Hi everyone and welcome back to my little corner of the blog sphere for another post on my German Pattern Experiment. If you've been following along, you remember that last week I covered some tips on tracing these patterns. Well this post is a follow up to that with a few more tips on things to look for when tracing your patterns.
In addition to special markings like dotted line (for edges placed on the fold of fabric) and other markings like button placements or darts, you will want to look for tiny little numbers in the corners of each of your pattern pieces. Do you see the very blurry 58 in the middle of this picture? Yes, I am sorry, it didn't look that blurry on my camera, but you can tell there is a number, and it is in the corner.
Okay, that really was hard to see, here is another example from a picture I used in my last post. You can see the 35 in the corner of a pattern piece as well as the 65 that is below the asterisk. As you are tracing your pattern pieces, you will want to look for all of these tiny numbers and add them to your tracing. This will be especially helpful if you are like me and are too lazy to translate the sparse directions.
|Again, fun cutout dress form has been provided by my one of my dearest friends.|
Just why are these tiny numbers so important? Because they show you how to line up your pattern pieces! Isn't that a beautiful thing? With just a bit of intuitiveness, you can easily decide which piece attaches to what other piece and where. Below you can see where I am lining up two pieces where the number 60 matches up for both pieces. (The flash gets in the way a bit, but I think you can still get the idea).
As I started piecing my muslin together I decided to try going in the order of the numbers. For this pattern, I started with number 57, since that was the lowest number on my pieces and I just made my way through the largest number (66). For the most part, it made sense to piece my pattern together in this order. I just love how easy it was to piece this pattern together without needing refer to the directions even once (not that I could if i wanted to, since I can't read German).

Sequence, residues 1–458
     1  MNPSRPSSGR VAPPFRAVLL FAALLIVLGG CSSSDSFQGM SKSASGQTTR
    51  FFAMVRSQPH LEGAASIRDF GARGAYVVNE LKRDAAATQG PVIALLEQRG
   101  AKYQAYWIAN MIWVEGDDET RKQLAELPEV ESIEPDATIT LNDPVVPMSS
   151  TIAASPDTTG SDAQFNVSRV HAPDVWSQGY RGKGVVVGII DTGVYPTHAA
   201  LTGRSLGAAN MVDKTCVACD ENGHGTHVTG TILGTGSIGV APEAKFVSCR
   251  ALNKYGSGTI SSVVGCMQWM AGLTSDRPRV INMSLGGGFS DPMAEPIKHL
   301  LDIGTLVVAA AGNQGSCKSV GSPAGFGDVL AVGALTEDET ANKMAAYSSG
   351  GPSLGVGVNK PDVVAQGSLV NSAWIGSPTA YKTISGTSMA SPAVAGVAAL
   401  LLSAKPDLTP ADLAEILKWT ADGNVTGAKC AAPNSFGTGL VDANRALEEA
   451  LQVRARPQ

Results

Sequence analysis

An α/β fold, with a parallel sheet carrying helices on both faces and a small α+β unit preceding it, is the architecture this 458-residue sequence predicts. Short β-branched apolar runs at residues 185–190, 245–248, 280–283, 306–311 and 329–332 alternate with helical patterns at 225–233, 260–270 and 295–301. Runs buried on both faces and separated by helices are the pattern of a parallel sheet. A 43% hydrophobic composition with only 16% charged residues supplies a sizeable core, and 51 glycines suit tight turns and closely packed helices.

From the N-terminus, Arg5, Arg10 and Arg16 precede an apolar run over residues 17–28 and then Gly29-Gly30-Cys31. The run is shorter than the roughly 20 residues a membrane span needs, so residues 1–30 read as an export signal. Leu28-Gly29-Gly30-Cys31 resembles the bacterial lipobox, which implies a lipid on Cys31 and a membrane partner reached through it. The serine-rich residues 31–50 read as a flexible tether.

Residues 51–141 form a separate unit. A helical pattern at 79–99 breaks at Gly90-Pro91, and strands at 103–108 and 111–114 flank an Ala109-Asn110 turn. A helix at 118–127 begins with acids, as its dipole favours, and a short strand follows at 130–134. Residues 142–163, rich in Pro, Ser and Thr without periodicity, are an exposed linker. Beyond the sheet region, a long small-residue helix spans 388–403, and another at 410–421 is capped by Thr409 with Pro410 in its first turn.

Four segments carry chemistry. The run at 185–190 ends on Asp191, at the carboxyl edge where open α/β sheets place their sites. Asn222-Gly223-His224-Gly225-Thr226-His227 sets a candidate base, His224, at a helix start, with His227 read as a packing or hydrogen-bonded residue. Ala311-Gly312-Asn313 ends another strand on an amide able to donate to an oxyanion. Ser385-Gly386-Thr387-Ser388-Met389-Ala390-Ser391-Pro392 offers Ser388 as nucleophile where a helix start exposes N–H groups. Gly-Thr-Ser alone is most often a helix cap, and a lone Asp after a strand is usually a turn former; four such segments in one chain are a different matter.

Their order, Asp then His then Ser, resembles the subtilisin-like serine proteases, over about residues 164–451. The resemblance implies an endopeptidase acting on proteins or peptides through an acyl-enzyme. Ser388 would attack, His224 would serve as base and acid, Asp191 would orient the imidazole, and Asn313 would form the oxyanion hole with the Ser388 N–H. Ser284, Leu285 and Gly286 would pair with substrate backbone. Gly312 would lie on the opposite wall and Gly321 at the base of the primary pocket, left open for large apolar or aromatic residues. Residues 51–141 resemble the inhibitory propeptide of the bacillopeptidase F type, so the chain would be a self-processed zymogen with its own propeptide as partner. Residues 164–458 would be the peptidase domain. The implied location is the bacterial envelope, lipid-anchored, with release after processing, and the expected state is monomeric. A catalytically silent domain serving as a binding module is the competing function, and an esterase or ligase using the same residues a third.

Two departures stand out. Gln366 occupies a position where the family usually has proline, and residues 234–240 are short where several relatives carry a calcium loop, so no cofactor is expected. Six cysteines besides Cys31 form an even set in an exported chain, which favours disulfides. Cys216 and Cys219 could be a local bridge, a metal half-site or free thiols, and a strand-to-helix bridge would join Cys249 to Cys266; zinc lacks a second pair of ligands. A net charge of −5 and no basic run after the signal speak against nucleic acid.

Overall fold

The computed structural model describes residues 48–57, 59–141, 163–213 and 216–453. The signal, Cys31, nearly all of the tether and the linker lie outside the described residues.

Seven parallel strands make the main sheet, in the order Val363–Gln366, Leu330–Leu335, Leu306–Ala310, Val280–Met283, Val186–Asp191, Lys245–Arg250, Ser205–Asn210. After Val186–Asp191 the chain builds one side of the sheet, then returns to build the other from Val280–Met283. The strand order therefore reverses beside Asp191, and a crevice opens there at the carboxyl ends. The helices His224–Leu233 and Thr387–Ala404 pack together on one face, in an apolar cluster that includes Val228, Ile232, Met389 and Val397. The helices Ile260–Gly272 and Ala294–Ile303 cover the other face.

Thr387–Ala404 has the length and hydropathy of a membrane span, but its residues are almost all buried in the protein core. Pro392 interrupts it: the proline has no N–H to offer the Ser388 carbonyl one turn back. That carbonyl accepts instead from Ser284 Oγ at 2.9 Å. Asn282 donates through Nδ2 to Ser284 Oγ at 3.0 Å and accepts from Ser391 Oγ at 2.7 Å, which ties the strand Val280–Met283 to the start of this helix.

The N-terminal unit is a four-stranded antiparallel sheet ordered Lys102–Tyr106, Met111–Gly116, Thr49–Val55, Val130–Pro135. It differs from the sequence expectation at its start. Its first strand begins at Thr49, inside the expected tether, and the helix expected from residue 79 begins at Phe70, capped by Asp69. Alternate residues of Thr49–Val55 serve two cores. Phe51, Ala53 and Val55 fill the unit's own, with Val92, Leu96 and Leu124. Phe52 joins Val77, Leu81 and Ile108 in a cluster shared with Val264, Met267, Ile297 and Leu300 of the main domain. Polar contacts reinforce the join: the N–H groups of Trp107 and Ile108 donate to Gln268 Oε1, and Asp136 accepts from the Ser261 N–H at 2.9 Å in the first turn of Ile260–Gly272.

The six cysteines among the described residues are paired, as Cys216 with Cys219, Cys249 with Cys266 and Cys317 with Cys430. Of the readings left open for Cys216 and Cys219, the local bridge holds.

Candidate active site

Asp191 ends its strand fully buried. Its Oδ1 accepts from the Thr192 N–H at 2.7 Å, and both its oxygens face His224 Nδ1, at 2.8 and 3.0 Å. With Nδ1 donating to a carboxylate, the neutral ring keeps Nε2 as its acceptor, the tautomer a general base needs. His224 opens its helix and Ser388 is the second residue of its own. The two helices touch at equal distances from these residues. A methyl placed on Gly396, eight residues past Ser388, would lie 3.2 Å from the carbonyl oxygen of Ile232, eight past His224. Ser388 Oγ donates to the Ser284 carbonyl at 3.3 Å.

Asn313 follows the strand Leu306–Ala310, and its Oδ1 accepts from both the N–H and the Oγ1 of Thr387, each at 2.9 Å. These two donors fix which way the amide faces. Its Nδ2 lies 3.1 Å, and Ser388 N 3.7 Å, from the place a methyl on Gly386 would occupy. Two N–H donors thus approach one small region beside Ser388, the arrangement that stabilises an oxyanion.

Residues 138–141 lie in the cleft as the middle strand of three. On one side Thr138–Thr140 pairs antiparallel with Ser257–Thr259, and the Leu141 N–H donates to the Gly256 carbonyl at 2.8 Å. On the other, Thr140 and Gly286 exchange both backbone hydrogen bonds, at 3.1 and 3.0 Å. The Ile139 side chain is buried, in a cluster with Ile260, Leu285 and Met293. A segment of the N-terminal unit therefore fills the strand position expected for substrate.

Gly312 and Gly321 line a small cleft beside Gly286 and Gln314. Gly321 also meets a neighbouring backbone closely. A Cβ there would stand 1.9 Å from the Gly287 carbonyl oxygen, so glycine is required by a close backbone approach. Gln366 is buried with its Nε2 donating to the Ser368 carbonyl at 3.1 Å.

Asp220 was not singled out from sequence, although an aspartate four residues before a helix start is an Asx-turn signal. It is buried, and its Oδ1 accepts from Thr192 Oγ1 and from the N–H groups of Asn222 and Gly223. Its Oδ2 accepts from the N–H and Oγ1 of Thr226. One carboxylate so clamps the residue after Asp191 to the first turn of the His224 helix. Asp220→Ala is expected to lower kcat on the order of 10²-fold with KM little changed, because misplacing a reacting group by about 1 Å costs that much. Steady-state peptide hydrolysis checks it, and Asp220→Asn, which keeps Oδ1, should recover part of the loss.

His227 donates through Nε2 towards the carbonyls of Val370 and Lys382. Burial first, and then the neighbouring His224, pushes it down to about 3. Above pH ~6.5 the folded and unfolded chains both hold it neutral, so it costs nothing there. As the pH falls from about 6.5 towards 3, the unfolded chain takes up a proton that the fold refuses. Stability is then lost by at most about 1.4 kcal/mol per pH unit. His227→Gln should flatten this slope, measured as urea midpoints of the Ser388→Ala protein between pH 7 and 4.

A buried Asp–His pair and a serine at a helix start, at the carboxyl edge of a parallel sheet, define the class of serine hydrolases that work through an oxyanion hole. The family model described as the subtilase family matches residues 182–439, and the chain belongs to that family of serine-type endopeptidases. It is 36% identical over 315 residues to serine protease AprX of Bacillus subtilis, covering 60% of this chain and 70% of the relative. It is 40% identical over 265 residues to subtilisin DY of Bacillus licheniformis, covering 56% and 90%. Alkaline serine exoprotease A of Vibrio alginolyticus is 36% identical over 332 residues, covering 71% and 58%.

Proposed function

Oh, and I should also mention that these pattern pieces do not include seam allowances. So, when you go cut out your muslin or fashion fabric, you will want to add 5/8" or whatever your seam allowance preference is.
My last piece of advice comes with the sizing of these patterns. I've learned that most of them come in sizes of 1, 3 and 5:
Bust Waist Hips
Size 1 90 cm (35.4 inches) 72 cm (28.3 inches) 100 cm (39.4 inches)
Size 3 102 cm (40.1 inches) 80 cm (31.5 inches) 112 cm (44.1 inches)
Size 5 114 cm (44.9 inches) 90 cm (35.4 inches) 124 cm (48.8 inches)
Do any of you have advice to share on working with German pattern magazines or a similar medium? Your thoughts are important to me, and I would love to hear anything you have to share. On my last post, Anna (who I would consider a vintage pattern expert of sorts) shared that it is a good idea to measure your pattern pieces before making your muslin, because quite often the pieces don't measure up to what you would expect. This is great advice and something to really keep in mind when working with these kinds of patterns. Any other thoughts or questions are always welcome.
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